The challenge for policymakers is to prevent what is intended to be a side gig for students from becoming the desperate sustenance of families. In 1999, Japan deregulated the use of temporary contract workers, partly with the aim of helping students and housewives gain work experience and earn additional income to supplement the salaries of the male breadwinners, who enjoyed life-long employment. Less than a decade later, almost a third of the labour force found themselves on such contracts, including millions of breadwinners (Imai 2011).
The same pros and cons also apply to the idea of the third ‘dependent contractor’ category: it could help employers accommodate more diverse life situations and business models, but it could also represent an erosion of rights if regular employees eventually find themselves in that category. Early results from our ongoing research suggest that some Fortune 500 companies that are experimenting with online gig work platforms are not doing so with the intention of replacing regular employees, but as a complement and substitute to temporary staffing agencies. But statistics will be necessary to evaluate the wider impacts of platforms on labour markets and society.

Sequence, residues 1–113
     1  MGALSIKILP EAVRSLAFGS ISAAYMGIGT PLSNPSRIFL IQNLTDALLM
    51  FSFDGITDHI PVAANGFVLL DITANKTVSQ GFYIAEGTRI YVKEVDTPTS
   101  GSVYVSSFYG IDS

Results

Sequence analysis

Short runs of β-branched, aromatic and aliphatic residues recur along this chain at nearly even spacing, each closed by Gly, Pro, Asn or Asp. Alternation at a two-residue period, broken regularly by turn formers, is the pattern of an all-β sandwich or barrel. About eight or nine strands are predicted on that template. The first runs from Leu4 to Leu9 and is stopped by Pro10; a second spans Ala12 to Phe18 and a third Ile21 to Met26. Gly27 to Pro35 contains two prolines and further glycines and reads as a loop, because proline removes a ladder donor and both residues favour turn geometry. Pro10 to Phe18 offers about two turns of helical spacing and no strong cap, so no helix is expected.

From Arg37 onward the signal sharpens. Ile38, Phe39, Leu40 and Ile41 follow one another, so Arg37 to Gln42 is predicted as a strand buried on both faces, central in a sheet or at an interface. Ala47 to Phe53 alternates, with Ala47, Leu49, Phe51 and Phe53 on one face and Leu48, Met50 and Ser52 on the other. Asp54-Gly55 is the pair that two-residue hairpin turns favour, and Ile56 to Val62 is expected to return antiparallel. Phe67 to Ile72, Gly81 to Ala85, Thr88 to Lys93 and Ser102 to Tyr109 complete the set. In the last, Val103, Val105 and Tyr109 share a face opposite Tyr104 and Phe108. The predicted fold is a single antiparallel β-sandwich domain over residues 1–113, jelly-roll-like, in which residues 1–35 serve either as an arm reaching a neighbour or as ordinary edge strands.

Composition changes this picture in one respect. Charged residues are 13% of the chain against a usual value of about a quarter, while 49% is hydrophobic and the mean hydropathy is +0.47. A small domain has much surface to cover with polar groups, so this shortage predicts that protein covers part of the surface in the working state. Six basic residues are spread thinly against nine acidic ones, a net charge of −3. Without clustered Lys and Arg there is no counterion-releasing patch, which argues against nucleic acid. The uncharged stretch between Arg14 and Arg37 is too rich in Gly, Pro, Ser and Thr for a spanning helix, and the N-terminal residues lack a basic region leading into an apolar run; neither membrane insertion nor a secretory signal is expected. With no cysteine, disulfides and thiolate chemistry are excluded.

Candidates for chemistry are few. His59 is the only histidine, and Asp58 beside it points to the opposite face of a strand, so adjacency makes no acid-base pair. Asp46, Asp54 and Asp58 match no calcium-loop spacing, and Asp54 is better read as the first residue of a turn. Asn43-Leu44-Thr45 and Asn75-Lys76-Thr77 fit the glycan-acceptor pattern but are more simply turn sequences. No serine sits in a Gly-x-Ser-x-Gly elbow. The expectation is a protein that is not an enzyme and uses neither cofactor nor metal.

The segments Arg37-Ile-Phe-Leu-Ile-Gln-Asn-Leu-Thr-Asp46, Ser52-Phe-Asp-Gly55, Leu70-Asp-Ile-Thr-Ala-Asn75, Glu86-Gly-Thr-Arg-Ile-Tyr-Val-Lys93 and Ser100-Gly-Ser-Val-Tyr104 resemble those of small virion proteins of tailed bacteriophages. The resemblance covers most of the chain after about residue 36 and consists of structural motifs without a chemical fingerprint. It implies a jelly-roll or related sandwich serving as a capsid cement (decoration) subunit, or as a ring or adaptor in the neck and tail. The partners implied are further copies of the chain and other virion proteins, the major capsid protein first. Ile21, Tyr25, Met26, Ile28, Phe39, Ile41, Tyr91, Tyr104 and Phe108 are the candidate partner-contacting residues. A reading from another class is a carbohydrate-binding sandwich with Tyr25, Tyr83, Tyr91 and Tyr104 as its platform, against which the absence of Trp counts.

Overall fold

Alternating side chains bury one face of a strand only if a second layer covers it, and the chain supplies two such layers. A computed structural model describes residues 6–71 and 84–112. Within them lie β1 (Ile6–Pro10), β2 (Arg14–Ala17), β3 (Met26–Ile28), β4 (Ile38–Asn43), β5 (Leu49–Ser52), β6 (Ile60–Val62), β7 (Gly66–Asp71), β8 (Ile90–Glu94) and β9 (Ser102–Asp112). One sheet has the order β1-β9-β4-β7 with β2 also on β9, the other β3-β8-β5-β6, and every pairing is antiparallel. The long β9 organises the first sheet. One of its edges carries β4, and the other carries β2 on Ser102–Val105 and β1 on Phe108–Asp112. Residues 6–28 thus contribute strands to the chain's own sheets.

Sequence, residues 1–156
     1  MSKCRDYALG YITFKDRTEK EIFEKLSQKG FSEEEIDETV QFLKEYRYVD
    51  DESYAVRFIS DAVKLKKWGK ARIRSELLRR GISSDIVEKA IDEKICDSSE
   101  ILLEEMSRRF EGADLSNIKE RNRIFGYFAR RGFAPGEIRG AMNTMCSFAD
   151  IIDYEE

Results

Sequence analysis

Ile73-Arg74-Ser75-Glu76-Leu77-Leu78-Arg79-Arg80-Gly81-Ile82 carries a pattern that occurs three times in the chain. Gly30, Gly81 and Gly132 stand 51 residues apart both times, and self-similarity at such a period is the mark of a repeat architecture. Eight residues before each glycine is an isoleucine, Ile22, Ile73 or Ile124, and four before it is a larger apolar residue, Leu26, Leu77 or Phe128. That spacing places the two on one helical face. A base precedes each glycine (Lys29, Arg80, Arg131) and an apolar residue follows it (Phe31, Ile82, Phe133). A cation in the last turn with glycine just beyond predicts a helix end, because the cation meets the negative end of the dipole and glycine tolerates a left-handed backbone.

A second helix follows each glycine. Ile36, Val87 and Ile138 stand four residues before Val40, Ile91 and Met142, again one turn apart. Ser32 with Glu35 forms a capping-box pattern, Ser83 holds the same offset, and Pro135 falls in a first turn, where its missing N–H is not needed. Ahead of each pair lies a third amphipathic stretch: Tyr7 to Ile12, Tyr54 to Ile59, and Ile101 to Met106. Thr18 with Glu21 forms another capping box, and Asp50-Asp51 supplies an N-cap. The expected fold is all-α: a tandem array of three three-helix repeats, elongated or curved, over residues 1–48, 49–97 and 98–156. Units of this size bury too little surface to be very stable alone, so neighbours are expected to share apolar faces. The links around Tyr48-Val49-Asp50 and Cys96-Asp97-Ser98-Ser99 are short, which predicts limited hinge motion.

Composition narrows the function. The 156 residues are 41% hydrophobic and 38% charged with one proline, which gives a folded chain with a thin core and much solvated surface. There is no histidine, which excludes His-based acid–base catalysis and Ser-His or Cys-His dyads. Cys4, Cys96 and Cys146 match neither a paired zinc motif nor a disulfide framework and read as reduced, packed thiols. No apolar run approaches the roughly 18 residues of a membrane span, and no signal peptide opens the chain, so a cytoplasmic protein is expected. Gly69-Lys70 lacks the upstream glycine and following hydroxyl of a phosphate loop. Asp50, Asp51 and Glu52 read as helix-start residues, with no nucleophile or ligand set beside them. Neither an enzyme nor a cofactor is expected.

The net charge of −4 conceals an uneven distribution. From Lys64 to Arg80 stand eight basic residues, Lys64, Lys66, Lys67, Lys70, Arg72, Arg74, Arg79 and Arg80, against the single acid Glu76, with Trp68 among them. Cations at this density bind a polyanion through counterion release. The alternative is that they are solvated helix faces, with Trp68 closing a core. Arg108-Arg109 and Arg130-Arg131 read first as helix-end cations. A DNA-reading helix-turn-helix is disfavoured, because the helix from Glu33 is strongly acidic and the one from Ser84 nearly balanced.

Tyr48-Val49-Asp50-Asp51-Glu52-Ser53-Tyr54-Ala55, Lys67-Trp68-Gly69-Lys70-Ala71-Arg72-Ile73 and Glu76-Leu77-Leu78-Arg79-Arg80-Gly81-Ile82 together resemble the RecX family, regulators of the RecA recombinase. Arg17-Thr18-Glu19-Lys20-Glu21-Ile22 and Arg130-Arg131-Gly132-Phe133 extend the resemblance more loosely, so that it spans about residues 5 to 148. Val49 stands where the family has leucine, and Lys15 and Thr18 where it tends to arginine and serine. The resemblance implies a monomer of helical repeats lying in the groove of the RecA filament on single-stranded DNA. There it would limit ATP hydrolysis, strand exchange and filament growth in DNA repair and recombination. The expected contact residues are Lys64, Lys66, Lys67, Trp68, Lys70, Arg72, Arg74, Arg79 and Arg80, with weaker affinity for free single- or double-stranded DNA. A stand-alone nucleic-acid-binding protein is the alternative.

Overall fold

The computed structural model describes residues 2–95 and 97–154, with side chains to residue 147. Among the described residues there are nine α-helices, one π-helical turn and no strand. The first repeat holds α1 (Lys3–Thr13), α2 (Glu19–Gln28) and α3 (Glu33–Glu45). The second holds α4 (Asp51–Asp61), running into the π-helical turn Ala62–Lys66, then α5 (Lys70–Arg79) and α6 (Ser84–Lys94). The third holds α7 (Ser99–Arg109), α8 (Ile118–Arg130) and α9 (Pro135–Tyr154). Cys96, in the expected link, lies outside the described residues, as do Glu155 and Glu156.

Statistics on the gig economy
When it comes to statistics, the Review points out that “official data is not likely to include the increasing number of people earning additional money in a more casual way, through the use of online platforms for example” (p. 25). This is a real problem: official labour market statistics don’t capture platform-based work, or when they do, they don’t make it possible to distinguish it from ordinary self-employment income. This makes it impossible to properly evaluate the role that platforms are taking in the modern labour market.